When you think about building your residential painting company, there’s one thing that comes to mind above all else; jobs. New jobs are your lifeblood, and finding ways to acquire them is the top reason contractors turn to the internet for marketing and advertising. But with so many tools and options around, how do you know where to focus your efforts? The solution might surprise you.

Word of Mouth, on Steroids

Recommendations from real people carry a lot of credibility. And recently, as marketing and advertising budgets have grown, more and more people are turning to online reviews and discussion forums to help them make informed decisions. According to a a 2014 study by BrightLocal, up to 88% of people read customer reviews when researching a business or service. These numbers vary somewhat by industry, but are growing fast across all sectors.

People Trust People

The amount of faith people have in online comments and forums is growing every year. For a typical consumer today, a batch of good online reviews carries the same weight as a recommendation from an acquaintance. Compare this to people’s opinions on paid marketing or advertising, and you’ll see the real value of user reviews. BazaarVoice recently put out a great infographic showing that shopper reviews are 12x more trusted than advertisements or marketing info.

Make Reviews Part of the Plan

Good reviews are important. But a steady stream of new reviews is even more so. Your competitors haven’t stopped acquiring reviews, and neither should you. Think about how you can make it easy for clients to review your residential painting business without it being an inconvenience. Include links for clients to review their experience in your email communications. Get in touch with clients a week or two after the fact and ask them about their experience. Then see whether or not they would be interested in posting something online. You can even build a simple reviews section into your website using a free plugin like this. Reviews are a resource that compounds over time. Just like a savings account, make sure you’re adding to your body of reviews regularly and consistently.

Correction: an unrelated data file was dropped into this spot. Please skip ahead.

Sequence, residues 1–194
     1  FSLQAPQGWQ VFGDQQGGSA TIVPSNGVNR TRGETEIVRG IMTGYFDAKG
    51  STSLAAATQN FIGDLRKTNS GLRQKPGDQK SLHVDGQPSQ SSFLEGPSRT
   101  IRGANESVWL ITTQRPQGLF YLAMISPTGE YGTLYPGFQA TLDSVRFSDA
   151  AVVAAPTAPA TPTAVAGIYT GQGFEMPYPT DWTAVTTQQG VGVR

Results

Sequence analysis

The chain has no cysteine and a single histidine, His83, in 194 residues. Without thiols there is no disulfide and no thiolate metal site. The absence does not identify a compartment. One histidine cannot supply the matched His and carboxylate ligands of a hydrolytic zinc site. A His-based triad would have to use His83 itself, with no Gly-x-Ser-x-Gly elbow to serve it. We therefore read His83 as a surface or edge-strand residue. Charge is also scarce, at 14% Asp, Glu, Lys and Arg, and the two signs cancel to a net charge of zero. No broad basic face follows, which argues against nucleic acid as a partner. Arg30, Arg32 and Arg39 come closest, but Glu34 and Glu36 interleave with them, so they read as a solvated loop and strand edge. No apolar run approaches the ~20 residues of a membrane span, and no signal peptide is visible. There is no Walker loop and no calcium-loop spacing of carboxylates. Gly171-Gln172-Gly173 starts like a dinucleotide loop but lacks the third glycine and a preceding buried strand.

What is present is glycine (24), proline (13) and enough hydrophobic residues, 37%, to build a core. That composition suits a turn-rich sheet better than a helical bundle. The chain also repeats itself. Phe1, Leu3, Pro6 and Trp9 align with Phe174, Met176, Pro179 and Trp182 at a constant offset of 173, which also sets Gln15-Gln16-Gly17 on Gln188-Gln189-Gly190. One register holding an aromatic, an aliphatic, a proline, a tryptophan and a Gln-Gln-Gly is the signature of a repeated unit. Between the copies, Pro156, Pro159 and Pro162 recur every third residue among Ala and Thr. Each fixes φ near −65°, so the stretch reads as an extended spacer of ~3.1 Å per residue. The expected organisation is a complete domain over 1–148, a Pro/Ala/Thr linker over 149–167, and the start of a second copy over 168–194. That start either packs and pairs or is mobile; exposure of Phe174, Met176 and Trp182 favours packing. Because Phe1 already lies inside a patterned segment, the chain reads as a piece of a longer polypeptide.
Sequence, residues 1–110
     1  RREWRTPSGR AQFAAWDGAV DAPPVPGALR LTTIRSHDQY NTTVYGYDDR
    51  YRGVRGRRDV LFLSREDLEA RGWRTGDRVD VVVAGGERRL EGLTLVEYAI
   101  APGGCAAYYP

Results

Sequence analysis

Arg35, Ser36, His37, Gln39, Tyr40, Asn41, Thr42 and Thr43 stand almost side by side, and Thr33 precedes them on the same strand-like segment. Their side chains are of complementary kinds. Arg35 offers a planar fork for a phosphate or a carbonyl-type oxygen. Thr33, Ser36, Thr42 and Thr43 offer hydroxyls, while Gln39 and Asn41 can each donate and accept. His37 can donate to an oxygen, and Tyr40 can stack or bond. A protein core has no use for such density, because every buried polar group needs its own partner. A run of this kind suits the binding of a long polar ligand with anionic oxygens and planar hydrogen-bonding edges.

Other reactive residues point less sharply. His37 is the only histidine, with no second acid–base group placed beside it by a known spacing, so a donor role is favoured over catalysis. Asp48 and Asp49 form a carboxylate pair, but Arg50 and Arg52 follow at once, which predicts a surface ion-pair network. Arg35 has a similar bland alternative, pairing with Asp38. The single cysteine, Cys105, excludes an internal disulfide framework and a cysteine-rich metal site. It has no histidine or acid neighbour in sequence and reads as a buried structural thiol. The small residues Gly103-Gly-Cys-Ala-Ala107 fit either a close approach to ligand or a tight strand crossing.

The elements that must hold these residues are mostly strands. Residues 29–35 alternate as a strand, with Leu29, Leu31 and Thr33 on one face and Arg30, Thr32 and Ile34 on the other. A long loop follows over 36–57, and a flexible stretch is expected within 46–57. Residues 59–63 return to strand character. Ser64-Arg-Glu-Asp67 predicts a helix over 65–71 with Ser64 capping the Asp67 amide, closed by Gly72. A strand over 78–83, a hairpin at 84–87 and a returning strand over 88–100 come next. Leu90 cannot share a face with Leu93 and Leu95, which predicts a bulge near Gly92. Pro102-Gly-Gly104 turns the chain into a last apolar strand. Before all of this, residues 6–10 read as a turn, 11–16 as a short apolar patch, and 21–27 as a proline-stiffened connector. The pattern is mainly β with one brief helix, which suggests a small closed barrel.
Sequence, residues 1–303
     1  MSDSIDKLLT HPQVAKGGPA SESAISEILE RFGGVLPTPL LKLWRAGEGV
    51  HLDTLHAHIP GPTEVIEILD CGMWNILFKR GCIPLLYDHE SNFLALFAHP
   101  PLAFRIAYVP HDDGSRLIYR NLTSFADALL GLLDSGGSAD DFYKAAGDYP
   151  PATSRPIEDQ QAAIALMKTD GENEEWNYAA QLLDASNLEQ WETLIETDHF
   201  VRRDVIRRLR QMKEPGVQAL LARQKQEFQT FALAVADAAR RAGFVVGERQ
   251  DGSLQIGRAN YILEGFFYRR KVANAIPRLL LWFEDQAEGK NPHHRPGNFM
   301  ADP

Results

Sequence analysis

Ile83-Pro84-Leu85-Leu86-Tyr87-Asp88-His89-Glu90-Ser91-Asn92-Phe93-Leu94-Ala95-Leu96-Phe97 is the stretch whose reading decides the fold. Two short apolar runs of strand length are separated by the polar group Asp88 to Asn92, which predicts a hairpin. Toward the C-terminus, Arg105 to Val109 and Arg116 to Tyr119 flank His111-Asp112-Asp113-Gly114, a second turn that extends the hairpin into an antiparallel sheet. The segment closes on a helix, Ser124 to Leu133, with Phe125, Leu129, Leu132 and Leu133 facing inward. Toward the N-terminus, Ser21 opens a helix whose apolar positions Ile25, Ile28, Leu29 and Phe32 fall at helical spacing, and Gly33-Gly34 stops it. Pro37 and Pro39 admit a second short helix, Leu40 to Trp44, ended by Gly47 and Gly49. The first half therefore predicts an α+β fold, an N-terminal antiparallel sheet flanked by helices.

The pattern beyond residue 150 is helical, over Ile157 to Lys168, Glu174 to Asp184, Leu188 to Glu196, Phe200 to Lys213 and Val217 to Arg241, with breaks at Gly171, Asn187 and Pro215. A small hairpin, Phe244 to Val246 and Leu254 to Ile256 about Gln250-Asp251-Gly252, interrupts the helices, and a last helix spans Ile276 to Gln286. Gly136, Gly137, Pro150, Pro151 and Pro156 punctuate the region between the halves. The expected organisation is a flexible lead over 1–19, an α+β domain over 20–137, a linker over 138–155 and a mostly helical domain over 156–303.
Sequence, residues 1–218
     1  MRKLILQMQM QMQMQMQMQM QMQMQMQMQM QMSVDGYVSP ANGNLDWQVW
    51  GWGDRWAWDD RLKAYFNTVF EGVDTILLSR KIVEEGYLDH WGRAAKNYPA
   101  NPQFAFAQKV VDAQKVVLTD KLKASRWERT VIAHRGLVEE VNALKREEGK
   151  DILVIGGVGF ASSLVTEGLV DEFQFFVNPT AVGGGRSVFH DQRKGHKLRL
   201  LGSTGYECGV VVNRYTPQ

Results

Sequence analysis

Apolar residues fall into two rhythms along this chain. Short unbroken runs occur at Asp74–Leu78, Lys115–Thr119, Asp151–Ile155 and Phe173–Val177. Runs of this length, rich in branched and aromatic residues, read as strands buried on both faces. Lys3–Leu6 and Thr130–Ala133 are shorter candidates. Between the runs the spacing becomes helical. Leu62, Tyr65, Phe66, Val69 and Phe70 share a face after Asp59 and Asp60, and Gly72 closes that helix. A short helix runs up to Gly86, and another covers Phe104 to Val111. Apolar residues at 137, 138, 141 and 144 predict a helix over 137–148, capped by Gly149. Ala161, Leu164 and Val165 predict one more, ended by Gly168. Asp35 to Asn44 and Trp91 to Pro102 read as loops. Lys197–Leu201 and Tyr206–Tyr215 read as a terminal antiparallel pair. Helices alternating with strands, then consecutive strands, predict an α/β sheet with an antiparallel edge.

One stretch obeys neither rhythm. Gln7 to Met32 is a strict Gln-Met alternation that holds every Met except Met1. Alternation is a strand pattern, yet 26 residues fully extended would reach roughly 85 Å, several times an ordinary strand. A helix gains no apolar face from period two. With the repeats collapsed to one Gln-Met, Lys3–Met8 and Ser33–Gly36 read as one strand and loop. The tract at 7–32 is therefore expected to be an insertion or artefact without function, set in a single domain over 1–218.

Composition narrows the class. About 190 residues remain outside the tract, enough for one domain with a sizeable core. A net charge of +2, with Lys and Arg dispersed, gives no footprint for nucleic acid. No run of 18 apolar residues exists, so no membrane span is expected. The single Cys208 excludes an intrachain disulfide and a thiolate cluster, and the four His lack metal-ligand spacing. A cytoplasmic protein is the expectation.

Reviews are For You, Too

Obviously, a solid body of home owner reviews, and an easy way to collect new ones, is vital to growing your house painting business. But the value of reviews doesn't end with building your professional image and brand. They're also great inspirational material. Reward and incentivize yourself and other employees who generate positive online feedback. Adorn your walls with highlights from real reviews. Reviews can help you see beyond the bubble, and understand more about what you need to do to succeed.

The Good, The Bad, The Bizaare

You do your best for every single customer you work with. But you can't make everyone happy all the time. What should you do when bad reviews pop-up on your social media, website, or Yelp page? Keep in mind, a sour taste is more memorable than a sweet one, and people are much more likely to post reviews about a bad experience than a good one. First off, don’t panic. A lot of the time, all it takes to make a person happy is a little attention and effort. Reach out, find out what the problem was, and then make a real and concerted effort to resolve it. Many people are willing to change not just their opinion, but also their public reviews, if you meet them halfway. Even when you get a tough cookie that won’t budge, don’t chalk it up as a lost cause. Respond to the review politely and with real compassion, in the same place where the review originally appeared. It's your opportunity to let future clients see that you take their feedback seriously, and do everything you can to help. An unpleasant review is just another platform for you to highlight your business and brand.

Getting Started with Reviews

If you’re looking to meet more clients and boost your house painting operation with home owner reviews, here are some quick steps to get you started. 1) Get on Yelp! Create a profile for you house painting business. And link to if from your website with some pretty social media icons. 2) Use a simple survey to collect feedback from home owners. 3) Include your best reviews publicly on your homepage as part of the first impression for new clients. 4) Collect reviews right on your website with an easy review collection tool like this. 5) Get to know your home owners during your normal interactions, then expand the relationship to social media. Once you have a good online rapport, ask if they'd be able to write a short review or recommendation.

How have reviews and public comments impacted your business? We’d love to hear about it, in our own public comments section!